Due to silly superstitions about black cats being bad luck or witches in disguise or friends of witches, Halloween is a dangerous time for black cats. Although Mr Knightley is a tuxedo-patterned cat with patches of white, I’ve wondered whether his blackness would ever be a threat to his safety.
Unfortunately today, two days before Halloween, my concern was realized. It wasn’t even nighttime yet… it was the afternoon. I was in the living room when I heard kids outside my bedroom window shouting, “black cat!”. They pounded the window. I was too scared to go into the bedroom, so I lured my cats out of the bedroom by shaking their can of treats. Fortunately, Mr Knightley and Mr Darcy were not too distracted by the kids to run out to the living room.
I usually like to open the blinds partially so that my cats can go on the window sill to look outside. Immediately after the incident, I secured the windows to prevent my cats from going on the window sills. Although I’ve put the blinds all the way down before, my cats would still manage to jump on the sill. This time, I blocked access to the small window by putting a heavy container so that they can’t push aside the blinds. The larger window, I blocked off with a flattened large cardbox. There have been many times when I have told myself to toss the box. Good thing I have a bad memory since the box now served a great purpose.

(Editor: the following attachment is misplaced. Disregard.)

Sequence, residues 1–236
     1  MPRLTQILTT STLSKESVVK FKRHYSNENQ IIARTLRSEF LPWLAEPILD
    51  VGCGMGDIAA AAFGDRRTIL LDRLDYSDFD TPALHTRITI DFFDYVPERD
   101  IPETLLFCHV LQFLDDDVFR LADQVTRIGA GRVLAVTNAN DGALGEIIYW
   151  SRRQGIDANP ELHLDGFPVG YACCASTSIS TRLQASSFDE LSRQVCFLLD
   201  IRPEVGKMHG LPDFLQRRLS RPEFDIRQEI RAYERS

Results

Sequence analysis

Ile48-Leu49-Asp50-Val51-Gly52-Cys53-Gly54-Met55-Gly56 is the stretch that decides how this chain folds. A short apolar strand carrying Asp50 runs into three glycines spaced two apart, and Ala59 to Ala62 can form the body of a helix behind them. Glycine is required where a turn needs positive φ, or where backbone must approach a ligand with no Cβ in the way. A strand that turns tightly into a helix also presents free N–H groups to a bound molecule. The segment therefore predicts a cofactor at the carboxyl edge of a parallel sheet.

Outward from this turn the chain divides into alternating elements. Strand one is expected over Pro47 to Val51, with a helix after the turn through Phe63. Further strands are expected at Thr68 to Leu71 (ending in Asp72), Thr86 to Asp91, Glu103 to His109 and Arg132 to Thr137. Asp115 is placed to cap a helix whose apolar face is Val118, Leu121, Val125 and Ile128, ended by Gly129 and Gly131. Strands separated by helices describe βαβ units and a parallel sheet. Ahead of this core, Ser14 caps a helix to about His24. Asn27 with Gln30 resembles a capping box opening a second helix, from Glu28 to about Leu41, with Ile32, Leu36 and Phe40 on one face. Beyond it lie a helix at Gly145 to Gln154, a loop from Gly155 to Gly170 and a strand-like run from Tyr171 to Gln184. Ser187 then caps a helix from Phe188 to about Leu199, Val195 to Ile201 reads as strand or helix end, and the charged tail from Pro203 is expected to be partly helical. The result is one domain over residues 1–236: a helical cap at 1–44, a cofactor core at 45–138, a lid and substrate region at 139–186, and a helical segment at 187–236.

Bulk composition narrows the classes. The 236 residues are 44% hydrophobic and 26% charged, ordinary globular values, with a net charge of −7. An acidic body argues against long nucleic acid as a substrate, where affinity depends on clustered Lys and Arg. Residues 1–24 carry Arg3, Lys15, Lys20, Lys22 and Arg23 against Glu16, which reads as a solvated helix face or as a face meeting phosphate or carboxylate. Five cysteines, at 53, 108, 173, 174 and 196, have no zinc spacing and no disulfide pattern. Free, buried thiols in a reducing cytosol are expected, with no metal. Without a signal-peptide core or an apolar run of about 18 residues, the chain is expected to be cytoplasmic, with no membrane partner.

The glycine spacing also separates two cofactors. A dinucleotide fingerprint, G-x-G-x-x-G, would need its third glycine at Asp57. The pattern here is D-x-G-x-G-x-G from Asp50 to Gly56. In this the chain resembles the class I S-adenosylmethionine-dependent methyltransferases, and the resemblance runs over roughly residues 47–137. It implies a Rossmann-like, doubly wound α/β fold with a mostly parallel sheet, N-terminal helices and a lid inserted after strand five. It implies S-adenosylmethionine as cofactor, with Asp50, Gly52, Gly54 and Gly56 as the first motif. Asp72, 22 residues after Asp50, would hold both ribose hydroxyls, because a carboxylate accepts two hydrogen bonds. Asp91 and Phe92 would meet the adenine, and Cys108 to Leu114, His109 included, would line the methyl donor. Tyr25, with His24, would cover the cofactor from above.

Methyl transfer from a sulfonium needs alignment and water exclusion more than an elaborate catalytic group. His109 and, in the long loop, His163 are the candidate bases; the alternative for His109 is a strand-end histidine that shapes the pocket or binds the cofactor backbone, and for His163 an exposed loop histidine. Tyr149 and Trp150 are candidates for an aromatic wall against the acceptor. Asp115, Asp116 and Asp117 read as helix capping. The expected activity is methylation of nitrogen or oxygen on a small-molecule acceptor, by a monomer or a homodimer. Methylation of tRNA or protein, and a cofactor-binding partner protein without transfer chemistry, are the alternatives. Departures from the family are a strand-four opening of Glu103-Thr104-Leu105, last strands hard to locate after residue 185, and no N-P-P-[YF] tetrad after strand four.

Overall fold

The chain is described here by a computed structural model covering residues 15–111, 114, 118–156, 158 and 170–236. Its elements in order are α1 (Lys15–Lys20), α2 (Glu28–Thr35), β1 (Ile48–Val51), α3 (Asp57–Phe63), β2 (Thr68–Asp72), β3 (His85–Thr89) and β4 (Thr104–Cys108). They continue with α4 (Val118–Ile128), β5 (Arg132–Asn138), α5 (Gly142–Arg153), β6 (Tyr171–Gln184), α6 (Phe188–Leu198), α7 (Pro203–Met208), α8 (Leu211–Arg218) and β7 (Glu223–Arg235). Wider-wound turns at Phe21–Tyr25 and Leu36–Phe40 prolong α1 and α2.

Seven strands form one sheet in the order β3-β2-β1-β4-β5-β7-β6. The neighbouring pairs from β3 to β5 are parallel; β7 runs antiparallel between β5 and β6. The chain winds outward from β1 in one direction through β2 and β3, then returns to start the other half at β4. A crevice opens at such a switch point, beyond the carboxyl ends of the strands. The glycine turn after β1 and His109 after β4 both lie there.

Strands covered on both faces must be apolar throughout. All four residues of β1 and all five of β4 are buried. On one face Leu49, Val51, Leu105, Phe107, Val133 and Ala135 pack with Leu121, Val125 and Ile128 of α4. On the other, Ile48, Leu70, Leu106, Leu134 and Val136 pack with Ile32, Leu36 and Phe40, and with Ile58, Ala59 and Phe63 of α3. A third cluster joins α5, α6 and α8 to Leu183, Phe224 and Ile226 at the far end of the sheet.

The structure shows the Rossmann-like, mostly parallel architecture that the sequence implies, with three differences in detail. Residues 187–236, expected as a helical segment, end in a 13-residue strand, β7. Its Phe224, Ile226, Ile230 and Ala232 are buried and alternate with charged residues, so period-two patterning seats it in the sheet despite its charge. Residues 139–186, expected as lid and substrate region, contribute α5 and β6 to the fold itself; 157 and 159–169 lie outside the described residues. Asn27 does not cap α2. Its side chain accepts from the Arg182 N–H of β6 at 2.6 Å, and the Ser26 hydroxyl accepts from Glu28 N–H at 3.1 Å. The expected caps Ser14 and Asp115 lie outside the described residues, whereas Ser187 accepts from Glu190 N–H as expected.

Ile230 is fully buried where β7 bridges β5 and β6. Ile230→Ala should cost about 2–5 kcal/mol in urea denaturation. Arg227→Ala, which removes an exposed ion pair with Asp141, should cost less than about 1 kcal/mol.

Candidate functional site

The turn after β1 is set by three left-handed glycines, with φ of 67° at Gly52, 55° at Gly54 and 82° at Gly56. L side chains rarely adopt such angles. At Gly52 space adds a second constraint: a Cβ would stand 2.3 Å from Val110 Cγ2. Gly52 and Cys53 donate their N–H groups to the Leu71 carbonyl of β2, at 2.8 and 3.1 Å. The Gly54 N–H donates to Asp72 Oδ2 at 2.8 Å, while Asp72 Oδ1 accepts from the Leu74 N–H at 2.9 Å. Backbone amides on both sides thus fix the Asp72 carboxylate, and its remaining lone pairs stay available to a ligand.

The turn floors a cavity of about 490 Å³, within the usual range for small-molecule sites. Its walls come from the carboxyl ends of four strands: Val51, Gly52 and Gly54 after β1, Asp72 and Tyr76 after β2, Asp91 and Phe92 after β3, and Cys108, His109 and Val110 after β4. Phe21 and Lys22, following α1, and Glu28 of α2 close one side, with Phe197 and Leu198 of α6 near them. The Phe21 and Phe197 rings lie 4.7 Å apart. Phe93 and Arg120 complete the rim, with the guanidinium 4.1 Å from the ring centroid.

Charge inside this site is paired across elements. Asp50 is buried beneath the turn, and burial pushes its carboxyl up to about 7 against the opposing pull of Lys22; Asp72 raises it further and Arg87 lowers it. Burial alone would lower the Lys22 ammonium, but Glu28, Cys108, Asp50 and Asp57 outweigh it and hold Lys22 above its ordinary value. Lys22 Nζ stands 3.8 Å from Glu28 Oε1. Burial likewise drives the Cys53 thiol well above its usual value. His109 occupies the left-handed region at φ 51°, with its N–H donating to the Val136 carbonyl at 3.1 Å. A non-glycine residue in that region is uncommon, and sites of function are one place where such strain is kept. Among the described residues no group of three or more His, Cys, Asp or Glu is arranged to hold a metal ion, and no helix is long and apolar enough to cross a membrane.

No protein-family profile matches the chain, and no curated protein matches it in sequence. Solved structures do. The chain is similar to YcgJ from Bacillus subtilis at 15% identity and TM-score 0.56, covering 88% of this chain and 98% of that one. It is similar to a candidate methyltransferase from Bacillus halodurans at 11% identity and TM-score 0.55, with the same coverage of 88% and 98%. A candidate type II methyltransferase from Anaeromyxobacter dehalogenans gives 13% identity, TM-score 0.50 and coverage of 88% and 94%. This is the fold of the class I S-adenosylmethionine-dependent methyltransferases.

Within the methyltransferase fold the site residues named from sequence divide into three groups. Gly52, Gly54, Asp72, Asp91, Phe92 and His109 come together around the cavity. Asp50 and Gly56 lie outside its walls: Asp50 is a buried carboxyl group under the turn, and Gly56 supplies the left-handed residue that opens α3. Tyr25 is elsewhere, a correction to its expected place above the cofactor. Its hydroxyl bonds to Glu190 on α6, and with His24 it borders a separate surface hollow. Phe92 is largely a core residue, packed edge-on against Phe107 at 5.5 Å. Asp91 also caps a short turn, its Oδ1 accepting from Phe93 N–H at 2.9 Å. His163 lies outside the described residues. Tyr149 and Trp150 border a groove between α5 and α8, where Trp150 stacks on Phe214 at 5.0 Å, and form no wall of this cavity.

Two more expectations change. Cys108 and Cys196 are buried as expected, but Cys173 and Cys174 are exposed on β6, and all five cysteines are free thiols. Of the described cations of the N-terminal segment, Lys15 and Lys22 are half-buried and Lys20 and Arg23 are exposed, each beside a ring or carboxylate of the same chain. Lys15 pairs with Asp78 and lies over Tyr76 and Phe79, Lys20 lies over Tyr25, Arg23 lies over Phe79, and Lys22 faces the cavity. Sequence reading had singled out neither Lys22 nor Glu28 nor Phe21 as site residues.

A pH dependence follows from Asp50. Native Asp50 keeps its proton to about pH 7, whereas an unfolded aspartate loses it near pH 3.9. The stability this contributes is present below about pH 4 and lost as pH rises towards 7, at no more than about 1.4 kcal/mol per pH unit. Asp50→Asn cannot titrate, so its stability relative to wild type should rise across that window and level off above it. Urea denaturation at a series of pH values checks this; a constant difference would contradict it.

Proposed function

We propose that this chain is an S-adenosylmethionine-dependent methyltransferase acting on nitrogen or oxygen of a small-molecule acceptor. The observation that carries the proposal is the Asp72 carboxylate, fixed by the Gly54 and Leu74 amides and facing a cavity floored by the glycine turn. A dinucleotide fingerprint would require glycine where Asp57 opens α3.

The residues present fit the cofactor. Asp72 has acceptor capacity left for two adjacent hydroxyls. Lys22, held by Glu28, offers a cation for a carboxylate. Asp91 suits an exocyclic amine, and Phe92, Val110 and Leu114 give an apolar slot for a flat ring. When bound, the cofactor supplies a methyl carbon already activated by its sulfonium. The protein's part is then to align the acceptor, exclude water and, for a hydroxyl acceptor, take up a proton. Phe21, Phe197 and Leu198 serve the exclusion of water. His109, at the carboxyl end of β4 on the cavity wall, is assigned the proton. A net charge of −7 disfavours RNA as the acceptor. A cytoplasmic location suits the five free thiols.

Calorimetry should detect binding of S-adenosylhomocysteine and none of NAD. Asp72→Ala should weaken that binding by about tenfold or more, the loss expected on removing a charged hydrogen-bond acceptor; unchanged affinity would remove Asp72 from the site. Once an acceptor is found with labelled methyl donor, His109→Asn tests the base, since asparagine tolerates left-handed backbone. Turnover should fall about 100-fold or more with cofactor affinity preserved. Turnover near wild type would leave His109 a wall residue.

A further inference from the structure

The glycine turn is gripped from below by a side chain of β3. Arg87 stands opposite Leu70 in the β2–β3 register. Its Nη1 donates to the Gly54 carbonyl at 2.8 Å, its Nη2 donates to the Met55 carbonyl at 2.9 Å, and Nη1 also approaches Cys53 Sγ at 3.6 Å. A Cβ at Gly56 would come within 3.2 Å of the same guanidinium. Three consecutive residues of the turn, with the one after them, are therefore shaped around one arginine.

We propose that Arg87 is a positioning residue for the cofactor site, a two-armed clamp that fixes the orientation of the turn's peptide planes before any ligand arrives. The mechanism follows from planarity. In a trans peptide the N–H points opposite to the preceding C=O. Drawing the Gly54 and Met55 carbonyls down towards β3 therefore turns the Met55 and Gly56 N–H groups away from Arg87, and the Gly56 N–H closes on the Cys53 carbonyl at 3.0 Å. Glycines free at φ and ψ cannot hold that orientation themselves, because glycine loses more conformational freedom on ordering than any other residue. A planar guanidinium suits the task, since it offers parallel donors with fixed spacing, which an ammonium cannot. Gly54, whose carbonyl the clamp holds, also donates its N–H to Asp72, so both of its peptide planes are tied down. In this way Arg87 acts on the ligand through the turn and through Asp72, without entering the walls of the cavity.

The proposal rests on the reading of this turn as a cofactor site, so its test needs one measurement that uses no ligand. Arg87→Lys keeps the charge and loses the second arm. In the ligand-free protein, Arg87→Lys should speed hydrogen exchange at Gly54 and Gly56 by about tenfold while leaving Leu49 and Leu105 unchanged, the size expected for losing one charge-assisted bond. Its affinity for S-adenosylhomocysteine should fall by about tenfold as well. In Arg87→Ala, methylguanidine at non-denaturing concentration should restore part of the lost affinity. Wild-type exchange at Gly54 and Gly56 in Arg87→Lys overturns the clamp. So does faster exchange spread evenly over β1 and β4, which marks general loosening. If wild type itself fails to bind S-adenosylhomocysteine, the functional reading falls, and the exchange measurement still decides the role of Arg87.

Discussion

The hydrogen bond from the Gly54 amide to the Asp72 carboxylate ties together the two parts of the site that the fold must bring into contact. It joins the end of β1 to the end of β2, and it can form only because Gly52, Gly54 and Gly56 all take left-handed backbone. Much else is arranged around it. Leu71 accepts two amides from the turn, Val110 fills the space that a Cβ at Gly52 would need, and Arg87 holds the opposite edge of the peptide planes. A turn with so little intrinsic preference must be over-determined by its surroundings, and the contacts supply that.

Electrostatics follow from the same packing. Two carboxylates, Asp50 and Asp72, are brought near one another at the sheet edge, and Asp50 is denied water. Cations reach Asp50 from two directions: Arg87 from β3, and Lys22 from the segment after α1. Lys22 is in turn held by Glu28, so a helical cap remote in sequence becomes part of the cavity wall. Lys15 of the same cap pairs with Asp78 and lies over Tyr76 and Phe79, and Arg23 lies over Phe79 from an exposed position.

This is an urgent reminder to keep black cats you care for, safe from people who wish to do them harm. This is such a serious issue that some shelters won’t allow adoption of black cats days or weeks before or after Halloween.
I can attest that a black cat is not bad luck. Mr Knightley has been a wonderful, joyful addition in my life and I wouldn’t want to see it without him. It’s really sad that black cats are discriminated against just because of their fur color.